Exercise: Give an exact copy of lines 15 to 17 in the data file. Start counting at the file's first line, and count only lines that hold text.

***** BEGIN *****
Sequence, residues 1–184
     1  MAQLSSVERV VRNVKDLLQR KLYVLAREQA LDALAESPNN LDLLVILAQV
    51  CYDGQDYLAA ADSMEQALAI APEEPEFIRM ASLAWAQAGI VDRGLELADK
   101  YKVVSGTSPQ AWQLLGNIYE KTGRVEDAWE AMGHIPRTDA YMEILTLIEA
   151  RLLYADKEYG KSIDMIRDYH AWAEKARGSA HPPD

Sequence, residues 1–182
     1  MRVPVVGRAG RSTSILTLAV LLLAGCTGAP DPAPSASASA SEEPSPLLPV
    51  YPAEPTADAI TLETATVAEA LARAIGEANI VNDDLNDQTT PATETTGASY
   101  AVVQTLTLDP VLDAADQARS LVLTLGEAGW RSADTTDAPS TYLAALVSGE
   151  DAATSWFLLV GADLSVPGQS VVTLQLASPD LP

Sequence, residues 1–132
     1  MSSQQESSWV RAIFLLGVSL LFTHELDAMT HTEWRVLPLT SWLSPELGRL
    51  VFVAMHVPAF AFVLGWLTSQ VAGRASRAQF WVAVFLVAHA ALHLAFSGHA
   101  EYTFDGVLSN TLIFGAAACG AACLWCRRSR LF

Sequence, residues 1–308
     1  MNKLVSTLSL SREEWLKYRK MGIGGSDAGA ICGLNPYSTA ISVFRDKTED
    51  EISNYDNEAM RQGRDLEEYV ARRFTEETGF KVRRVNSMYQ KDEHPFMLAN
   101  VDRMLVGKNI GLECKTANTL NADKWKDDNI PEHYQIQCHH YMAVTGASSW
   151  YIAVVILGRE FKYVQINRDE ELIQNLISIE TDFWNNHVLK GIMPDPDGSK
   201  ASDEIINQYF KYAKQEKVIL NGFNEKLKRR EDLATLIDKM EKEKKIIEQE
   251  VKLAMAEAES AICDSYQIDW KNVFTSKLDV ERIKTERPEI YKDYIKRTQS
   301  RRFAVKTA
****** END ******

Sequence, residues 1–308
     1  MNKLVSTLSL SREEWLKYRK MGIGGSDAGA ICGLNPYSTA ISVFRDKTED
    51  EISNYDNEAM RQGRDLEEYV ARRFTEETGF KVRRVNSMYQ KDEHPFMLAN